Five Reasons Your Car Makes Noises When Braking

Road safety is a prime concern for all automobile owners. If you have ever owned a vehicle, you know that issues are inevitable. Maybe you’re on a road trip, and the tire bursts or needs maintenance and servicing. Every vehicle has many moving parts, so keeping your car or truck maintained should be a priority.

Some problems should never be ignored, such as weird squeaky noises coming from the brakes. Although it is a frequent car issue, if left ignored and unchecked, it could lead to a worse situation. Consider the following questions:

  • Do your car brakes make strange noises?
  • Do you ignore such noises?

If you answered yes to both, then you could be in trouble. Neglecting your vehicle’s ‘cries for help’ might cost you more than you can imagine.

How Do Car Brakes Work?

To properly diagnose the problems that arise from noisy car brakes, one must understand the basics of how a car brake works.

When you press down on your brake pedals, what you are actually doing is initiating a sequence of mechanical actions that cause friction between your wheels and the ground. The pedals are connected to a lever that pushes a piston into the master cylinder filled with hydraulic fluid. This acts to compress the fluid, which builds up pressure within the brake system. That pressure is then transferred to the wheels via a system of pipes and secondary cylinders. The end result is a reactionary force in which amplifies the weight of your foot on the pedals, enough power to stop a car in its tracks.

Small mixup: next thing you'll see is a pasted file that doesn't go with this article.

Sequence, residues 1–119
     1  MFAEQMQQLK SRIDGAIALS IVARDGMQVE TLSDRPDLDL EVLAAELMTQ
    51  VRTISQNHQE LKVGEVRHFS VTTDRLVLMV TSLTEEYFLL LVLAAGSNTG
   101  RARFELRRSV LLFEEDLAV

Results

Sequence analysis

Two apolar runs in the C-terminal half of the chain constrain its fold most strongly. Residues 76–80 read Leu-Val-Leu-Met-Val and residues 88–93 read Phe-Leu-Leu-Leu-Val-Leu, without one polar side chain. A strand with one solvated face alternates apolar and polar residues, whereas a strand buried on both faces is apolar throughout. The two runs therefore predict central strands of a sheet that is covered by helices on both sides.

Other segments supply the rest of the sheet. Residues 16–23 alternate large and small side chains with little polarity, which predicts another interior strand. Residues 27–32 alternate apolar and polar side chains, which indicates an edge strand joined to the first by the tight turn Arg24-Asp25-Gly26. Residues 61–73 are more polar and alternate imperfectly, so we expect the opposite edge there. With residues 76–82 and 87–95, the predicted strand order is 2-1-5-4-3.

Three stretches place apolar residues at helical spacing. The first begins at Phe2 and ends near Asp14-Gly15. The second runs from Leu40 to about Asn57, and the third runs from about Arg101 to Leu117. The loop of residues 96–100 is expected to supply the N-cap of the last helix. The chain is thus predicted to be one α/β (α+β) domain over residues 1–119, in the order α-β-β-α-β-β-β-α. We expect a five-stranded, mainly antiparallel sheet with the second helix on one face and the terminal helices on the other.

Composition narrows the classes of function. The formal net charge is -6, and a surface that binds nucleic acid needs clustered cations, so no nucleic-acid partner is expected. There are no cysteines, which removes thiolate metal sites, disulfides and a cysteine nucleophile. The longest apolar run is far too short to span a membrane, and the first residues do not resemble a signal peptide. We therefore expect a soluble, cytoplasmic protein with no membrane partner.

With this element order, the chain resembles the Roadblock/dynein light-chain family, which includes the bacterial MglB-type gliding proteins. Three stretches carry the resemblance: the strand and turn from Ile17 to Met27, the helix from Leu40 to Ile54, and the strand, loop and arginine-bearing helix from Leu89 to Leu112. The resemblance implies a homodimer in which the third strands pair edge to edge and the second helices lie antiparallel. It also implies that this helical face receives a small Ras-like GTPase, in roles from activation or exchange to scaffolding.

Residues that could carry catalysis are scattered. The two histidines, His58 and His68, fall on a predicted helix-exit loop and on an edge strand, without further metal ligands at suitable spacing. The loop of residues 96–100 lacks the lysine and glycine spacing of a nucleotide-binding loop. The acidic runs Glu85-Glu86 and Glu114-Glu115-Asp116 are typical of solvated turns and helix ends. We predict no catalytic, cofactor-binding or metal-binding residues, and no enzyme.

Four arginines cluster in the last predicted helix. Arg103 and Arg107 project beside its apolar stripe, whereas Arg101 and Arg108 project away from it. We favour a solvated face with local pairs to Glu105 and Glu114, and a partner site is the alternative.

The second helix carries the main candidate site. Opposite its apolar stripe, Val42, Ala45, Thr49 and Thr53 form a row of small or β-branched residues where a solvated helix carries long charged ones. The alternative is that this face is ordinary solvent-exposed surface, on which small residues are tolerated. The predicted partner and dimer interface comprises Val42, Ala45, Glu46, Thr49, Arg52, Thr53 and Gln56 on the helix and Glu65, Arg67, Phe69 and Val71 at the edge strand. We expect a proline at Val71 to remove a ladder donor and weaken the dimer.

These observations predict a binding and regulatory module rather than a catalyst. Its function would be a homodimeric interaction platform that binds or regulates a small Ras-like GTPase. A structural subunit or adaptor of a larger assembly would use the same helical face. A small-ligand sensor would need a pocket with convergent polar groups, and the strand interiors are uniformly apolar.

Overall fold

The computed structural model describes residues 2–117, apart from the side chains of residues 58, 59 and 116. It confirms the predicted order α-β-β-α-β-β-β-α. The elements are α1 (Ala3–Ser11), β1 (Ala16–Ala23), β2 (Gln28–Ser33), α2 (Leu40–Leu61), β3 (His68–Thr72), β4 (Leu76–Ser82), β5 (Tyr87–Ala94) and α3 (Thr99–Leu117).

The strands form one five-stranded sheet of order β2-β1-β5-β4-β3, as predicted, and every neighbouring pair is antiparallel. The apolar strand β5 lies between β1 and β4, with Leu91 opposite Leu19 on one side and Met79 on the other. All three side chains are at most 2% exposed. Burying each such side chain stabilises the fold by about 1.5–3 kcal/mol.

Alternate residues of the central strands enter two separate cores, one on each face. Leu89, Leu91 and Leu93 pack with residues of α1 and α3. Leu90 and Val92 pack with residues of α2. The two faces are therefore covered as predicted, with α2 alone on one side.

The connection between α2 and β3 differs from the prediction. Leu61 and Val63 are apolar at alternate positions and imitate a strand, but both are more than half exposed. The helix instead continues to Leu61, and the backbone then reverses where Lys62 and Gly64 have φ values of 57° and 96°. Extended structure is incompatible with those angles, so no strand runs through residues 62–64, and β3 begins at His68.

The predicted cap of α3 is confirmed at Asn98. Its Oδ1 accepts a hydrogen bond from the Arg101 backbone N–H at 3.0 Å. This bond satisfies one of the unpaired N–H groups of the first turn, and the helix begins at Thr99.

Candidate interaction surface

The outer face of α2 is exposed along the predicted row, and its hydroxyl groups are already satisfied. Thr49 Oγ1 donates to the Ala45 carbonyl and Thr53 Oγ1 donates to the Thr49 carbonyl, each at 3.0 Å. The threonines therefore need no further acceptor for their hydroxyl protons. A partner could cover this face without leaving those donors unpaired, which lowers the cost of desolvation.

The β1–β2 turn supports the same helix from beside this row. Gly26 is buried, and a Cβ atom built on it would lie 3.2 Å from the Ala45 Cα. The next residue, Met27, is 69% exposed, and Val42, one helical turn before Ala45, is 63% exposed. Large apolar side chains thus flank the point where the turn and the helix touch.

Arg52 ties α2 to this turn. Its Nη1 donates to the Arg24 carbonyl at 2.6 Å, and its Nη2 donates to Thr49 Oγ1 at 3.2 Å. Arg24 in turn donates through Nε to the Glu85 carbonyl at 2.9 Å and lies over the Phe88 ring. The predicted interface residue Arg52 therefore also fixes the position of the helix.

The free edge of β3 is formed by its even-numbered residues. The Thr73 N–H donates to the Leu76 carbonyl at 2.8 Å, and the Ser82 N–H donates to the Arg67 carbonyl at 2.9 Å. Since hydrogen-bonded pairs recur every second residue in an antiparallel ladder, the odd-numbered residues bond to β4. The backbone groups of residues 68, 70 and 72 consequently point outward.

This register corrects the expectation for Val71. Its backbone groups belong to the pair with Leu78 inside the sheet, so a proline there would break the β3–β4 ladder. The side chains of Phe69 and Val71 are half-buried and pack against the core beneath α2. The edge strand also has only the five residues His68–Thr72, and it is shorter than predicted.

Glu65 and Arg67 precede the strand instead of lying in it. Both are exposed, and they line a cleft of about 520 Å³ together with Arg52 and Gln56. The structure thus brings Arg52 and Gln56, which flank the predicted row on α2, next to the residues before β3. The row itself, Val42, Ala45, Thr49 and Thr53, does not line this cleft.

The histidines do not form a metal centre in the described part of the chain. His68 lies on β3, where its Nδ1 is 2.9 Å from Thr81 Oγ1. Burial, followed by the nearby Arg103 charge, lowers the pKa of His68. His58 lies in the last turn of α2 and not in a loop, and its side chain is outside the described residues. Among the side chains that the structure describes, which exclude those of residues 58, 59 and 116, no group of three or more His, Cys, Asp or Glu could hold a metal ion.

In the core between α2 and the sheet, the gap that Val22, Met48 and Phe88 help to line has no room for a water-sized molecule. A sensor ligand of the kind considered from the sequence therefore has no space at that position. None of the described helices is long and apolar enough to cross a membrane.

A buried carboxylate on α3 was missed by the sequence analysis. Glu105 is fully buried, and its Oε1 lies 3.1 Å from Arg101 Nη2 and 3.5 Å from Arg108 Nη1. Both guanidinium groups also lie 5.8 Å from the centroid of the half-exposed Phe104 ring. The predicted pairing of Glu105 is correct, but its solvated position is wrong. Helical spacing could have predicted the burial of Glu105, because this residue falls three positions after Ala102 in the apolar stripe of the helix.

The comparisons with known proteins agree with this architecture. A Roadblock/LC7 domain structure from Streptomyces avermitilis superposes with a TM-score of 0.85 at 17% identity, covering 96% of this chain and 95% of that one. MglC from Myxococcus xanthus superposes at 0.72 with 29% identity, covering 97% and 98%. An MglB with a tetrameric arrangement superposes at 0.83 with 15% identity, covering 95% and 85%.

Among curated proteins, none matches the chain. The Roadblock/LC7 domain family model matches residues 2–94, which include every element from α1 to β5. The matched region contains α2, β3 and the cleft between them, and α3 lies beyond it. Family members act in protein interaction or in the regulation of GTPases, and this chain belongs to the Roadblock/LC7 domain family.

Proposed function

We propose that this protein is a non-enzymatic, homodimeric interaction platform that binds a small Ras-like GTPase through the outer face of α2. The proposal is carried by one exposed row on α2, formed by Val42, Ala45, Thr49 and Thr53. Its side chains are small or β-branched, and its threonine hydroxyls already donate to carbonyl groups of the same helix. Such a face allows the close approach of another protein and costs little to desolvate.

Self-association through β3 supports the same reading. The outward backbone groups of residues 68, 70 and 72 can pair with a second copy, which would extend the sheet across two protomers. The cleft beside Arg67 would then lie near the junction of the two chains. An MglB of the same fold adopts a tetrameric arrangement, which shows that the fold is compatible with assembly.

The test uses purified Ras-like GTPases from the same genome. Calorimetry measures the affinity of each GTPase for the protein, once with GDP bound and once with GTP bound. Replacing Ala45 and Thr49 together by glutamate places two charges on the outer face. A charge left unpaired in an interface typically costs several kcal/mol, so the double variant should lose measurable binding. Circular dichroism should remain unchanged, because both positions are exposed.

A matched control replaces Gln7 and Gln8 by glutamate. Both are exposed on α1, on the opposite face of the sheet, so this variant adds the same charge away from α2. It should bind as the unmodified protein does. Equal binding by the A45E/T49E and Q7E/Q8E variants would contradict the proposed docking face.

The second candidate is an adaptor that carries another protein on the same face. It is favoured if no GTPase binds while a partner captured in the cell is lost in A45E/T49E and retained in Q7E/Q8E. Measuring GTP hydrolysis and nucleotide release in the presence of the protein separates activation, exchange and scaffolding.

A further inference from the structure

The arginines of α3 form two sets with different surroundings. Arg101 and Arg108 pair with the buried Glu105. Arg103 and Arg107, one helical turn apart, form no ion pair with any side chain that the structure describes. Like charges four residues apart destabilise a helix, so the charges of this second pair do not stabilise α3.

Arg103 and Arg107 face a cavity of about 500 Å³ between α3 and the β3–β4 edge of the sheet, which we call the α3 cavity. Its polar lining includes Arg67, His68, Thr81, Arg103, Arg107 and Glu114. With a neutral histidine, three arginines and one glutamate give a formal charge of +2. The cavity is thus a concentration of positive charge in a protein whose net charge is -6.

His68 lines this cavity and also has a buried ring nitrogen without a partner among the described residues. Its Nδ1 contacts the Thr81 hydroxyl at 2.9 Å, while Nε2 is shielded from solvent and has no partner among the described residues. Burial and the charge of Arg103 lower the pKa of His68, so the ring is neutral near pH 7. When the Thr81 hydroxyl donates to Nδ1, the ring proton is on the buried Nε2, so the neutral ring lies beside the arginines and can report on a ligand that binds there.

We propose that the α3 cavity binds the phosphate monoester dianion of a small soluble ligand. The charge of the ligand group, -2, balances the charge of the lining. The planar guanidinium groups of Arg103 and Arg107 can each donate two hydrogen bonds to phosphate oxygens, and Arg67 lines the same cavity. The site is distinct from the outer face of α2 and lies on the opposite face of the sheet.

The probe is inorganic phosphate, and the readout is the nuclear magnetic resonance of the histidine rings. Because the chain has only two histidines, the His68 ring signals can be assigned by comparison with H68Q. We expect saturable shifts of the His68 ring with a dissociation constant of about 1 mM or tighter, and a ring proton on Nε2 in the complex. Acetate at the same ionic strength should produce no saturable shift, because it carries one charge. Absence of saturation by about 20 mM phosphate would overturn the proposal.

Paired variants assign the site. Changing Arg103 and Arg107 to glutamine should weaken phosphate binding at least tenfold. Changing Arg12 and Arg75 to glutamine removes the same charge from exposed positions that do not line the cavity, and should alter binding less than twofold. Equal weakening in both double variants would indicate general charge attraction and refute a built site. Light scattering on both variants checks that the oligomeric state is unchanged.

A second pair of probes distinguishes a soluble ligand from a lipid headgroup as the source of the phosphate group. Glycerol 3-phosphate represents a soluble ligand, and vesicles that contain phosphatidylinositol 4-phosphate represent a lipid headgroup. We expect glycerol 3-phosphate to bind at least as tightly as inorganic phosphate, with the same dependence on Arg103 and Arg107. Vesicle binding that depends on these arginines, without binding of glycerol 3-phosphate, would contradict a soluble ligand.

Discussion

The brakes on your car are usually one of two kinds: disc brakes or drum brakes. Contemporary car models commonly have disc brakes on the front wheels and drum brakes on the rear wheels. Premium models may be designed to have disc brakes on all four wheels.


Credit: David.Monniaux  

Disc Brakes
Disc brakes include a brake disc, a brake caliper, and a brake pad. When the pedal descends, the hydraulic fluid causes the brake caliper to press the brake pad against the brake disc. Friction is created when the brake pad comes into contact with the brake disc. Friction is the process in which converts kinetic energy (the movement of the car) into heat and thereby stopping the car.

Drum Brake
Drum brakes achieve friction using a different set of mechanics. The main parts are the brake drum and brake shoes. The hollow drum rotates with the wheel. As your foot is placed on the brake pedal, a hydraulic cylinder knocks the brake shoes against the inner surface of the drum, generating friction. 

Five Reasons Your Car Makes Noises When Braking

There are several reasons why your car brake is making noises. No matter what the situation may be, never ignore the grinding noises from your car brakes. Here are five reasons for brake noise.


Credit: Troy Sankay

Low Quality of Brake Pads
Your car brakes could be making strange noises due to low quality brake pads. Some may opt to install cheaper products to save money. What they are unaware of is the high risk it may impose on the driver and their passengers.